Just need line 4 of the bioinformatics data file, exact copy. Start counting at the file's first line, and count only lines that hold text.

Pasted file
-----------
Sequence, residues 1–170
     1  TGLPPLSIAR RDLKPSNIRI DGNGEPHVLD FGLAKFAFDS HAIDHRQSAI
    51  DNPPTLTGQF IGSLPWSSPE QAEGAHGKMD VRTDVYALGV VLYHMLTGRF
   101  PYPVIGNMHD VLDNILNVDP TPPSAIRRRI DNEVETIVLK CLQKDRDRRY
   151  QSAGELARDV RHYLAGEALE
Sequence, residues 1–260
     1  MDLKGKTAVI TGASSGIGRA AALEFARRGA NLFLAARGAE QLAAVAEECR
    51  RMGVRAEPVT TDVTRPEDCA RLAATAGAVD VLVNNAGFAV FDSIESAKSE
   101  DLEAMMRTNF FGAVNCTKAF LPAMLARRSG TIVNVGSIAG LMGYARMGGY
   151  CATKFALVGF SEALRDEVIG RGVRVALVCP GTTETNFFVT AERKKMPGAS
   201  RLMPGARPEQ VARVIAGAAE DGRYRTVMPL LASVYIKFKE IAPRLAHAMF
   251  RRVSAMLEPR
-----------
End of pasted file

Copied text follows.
   101  PYPVIGNMHD VLDNILNVDP TPPSAIRRRI DNEVETIVLK CLQKDRDRRY